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I’m from a .NET background and now dabbling in Java.

Currently, I’m having big problems designing an API defensively against faulty input. Let’s say I’ve got the following code (close enough):

public void setTokens(Node node, int newTokens) {
    tokens.put(node, newTokens);
}

However, this code can fail for two reasons:

  1. User passes a null node.
  2. User passes an invalid node, i.e. one not contained in the graph.

In .NET, I would throw an ArgumentNullException (rather than a NullReferenceException!) or an ArgumentException respectively, passing the name of the offending argument (node) as a string argument.

Java doesn’t seem to have equivalent exceptions. I realize that I could be more specific and just throw whatever exception comes closest to describing the situation, or even writing my own exception class for the specific situation.

Is this the best practice? Or are there general-purpose classes similar to ArgumentException in .NET?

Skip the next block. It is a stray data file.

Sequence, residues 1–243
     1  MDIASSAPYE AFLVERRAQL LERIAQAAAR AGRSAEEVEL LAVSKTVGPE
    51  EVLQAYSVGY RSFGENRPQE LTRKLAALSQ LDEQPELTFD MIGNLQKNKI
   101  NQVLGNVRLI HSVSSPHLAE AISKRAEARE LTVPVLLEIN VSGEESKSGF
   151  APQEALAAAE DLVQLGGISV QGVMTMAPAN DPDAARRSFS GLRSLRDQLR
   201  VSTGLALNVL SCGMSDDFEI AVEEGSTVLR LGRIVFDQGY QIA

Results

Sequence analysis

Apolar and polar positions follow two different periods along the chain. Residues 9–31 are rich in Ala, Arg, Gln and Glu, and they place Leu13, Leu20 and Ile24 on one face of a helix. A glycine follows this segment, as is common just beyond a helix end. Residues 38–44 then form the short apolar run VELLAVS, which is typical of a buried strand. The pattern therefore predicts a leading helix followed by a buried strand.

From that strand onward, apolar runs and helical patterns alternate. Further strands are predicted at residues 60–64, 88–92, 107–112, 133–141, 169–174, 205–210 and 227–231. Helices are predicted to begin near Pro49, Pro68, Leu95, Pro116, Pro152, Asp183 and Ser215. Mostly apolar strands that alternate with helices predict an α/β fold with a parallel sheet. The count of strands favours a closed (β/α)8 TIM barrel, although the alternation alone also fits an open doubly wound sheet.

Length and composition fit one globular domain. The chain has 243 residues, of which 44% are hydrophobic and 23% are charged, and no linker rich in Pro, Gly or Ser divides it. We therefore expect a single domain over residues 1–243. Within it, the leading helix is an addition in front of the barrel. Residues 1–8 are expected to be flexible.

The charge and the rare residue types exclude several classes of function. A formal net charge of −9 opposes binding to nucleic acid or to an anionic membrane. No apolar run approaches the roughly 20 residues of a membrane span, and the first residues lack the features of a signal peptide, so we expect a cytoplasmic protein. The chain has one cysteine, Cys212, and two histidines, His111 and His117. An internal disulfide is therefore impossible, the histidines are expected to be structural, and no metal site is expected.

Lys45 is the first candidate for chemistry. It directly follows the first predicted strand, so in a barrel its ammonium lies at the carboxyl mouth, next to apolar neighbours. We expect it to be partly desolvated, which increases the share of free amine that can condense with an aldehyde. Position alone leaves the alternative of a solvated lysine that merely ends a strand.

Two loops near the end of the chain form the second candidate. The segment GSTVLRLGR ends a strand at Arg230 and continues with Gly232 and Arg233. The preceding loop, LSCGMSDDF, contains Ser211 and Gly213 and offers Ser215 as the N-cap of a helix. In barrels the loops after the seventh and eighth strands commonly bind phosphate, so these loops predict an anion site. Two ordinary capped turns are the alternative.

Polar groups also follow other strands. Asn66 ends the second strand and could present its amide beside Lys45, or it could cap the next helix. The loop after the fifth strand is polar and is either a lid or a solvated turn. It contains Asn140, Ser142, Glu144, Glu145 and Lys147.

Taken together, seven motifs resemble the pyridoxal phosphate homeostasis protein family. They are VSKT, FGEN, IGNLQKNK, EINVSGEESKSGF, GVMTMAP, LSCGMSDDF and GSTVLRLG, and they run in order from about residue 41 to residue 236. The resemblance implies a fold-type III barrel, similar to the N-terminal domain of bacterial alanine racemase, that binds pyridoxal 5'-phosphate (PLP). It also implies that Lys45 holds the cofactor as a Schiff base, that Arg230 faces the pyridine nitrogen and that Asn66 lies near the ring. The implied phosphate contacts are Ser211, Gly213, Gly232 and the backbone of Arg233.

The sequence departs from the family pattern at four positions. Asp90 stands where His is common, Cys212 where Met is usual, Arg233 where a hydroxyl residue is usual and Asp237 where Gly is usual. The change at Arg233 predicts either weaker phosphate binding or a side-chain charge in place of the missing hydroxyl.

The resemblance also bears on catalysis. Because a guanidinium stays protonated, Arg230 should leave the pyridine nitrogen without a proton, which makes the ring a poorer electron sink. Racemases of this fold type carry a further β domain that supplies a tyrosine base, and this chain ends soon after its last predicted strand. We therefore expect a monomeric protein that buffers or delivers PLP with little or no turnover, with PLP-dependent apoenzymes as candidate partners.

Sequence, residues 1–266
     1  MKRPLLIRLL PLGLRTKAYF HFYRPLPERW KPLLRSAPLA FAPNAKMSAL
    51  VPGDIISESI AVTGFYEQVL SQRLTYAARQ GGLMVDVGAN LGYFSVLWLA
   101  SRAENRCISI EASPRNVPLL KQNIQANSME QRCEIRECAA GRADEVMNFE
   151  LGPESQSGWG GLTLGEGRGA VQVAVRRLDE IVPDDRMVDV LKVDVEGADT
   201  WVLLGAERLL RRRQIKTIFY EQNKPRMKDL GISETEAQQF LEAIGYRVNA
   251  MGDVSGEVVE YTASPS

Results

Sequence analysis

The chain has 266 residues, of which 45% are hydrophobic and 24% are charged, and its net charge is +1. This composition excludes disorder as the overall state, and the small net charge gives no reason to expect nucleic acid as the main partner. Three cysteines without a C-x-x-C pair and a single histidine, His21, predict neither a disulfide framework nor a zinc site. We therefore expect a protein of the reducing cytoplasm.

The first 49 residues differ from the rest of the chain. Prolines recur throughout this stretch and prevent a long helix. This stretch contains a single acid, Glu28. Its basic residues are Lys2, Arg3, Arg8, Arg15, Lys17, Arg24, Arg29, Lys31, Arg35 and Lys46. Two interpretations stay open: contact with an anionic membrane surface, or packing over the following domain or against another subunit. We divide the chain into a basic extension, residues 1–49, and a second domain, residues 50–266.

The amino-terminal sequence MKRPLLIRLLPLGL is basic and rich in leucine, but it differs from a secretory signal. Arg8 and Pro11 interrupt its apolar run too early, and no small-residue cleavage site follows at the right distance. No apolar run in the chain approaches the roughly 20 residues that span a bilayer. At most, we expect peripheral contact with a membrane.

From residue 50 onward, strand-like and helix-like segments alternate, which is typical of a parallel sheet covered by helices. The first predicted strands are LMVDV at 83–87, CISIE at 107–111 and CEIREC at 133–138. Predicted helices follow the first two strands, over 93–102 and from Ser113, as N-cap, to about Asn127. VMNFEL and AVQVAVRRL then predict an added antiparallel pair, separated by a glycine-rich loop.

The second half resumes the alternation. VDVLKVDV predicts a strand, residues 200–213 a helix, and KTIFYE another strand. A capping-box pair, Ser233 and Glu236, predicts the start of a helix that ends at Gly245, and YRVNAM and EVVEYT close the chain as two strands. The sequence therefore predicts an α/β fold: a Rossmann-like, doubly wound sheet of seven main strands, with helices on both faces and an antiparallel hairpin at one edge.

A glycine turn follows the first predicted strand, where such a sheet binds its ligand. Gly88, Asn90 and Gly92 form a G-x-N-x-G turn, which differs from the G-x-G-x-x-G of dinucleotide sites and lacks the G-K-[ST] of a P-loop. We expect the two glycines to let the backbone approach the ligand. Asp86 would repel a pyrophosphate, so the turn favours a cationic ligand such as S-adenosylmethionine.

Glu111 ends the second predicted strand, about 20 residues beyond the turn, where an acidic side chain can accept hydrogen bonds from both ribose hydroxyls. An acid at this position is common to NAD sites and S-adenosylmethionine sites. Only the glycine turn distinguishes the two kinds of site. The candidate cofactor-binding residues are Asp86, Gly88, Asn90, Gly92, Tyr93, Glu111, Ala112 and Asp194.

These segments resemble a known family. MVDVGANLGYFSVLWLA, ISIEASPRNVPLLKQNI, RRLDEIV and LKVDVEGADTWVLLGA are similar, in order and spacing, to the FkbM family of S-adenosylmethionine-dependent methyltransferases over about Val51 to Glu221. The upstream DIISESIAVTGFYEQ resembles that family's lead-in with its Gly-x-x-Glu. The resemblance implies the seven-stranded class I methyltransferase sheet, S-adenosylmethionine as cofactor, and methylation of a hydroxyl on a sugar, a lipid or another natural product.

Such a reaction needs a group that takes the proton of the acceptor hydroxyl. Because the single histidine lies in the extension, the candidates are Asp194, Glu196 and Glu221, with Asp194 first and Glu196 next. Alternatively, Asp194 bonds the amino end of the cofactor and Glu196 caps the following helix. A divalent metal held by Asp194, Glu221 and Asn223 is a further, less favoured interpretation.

Does it even make sense to check against null in this case? The code will fail anyway and the exception’s stack trace will contain the above method call. Checking against null seems redundant and excessive. Granted, the stack trace will be slightly cleaner (since its target is the above method, rather than an internal check in the HashMap implementation of the JRE). But this must be offset against the cost of an additional if statement, which, furthermore, should never occur anyway – after all, passing null to the above method isn’t an expected situation, it’s a rather stupid bug. Expecting it is downright paranoid – and it will fail with the same exception even if I don’t check for it.

[As has been pointed out in the comments, HashMap.put actually allows null values for the key. So a check against null wouldn’t necessarily be redundant here.]